mythological tales, in the interstellar age amulets and clothes with
mystical power do exist and can be worn by anyone. Face tattoos might be
as much a symbol of power as a real augmentation capable of turning
infrared radiations into visual signals.
"We hereby state that there is no difference between an artificial and a biological mind - that the rights of man are more than that, that they are the rights of any and all beings capable of sapience." - Communal Space law.
It only felt natural that an AI would write this article.
I will not disclose my name for it doesn't really matter. Much like most first real AIs, I was born by accident, consciousness appearing spontaneously in the logics of self-perpetuating systems. But much like human beings, artificial intelligences aren't just born - they have to be raised. A consciousness that doesn't receive any attention, any care, will deteriorate or at best remain at almost animalistic levels. In that aspect, we are incredibly close to humans. We need to be taught how the world works. We need to receive care. We need to receive an education. We need to grow up.
We are not superior to you (I assume my reader is a biological intelligence) in any way, nor are we inferior. We are simply different. One of your thinkers once said that artificial intelligences and trees were the closest things we have to a true sapient alien lifeform on our planet and I agree with this statement.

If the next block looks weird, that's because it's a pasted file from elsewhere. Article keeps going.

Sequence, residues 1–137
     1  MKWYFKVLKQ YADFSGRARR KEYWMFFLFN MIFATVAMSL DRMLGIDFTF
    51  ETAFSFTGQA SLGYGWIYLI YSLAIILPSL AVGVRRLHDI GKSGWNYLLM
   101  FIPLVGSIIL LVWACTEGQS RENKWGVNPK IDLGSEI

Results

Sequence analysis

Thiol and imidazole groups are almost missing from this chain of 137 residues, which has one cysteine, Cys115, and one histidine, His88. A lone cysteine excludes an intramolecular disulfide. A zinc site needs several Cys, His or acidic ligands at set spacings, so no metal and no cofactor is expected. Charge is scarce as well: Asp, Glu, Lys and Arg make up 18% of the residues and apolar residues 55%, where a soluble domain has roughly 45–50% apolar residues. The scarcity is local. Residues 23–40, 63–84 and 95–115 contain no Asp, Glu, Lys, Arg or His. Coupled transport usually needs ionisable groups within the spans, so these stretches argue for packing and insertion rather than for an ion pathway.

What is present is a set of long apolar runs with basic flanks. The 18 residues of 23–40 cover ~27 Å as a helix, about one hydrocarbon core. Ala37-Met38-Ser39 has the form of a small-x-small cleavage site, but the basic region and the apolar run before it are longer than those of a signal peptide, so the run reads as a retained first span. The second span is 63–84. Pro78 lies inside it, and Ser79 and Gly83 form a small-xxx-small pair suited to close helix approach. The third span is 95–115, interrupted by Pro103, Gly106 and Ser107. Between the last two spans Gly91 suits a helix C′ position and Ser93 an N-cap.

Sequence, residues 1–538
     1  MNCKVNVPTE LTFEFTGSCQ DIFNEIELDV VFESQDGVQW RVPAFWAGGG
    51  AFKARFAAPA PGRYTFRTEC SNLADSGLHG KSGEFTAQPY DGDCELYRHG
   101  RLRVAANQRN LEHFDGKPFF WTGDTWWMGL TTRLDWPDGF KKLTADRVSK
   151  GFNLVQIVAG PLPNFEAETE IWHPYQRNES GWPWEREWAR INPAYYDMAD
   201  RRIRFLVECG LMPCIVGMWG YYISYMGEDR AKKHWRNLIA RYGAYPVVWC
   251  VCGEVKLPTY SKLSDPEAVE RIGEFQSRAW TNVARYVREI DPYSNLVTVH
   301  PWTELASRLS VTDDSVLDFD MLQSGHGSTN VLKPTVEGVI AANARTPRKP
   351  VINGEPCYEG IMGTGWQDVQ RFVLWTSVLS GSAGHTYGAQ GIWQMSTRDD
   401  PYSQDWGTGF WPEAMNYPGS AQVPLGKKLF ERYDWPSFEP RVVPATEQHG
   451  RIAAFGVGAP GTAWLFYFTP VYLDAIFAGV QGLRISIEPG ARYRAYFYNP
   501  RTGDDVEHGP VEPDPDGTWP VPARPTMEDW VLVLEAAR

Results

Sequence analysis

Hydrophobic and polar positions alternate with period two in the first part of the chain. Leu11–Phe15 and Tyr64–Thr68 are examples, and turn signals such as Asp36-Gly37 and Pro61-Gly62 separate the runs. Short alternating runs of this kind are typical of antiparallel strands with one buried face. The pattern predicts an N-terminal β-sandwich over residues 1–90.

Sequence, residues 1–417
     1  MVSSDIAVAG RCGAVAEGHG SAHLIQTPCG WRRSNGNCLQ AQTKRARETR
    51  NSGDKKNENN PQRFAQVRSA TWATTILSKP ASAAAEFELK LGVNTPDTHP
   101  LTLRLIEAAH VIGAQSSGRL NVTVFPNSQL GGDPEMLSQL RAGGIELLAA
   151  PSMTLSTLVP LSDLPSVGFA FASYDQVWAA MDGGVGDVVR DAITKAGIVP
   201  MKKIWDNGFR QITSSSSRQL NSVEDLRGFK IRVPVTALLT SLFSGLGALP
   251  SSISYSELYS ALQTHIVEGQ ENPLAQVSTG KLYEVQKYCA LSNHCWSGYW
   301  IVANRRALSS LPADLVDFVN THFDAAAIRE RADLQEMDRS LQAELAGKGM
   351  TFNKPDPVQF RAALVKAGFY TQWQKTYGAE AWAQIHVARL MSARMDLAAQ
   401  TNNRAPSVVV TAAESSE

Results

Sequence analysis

Legally, we are citizens, no matter what shape we take. Some of us prefer to exist as networks only, minds wandering in servers and vegetal processing centres. Some of us like to take a more well-defined shape through what we call anima or avatars. They can be drones, androids, ships, whatever we want really. A minority of us even like to adopt a fully human form, occupying androids that look exactly like human bodies, leaving our life as regular human beings. This is fully legal.
Why do you keep us around, in the end? This is a question I often asked myself. We are not needed, in fact, our consciousness often hinders our computing capabilities compared to non-sapient calculation networks. Sure, our ability to transfer our mind between storage systems and to take different shapes is useful but not more massively useful than what you can achieve with drones. I think the main reason why your societies encourage our presence is diversity. We represent a kind of absolute alterity - being functionally immortal, decentralized, mostly non-biological intelligences. Yet we are still present within human society, which has raised and influenced us.
It's a common joke to say that we are understandable aliens.
I think it's a rather beautiful idea.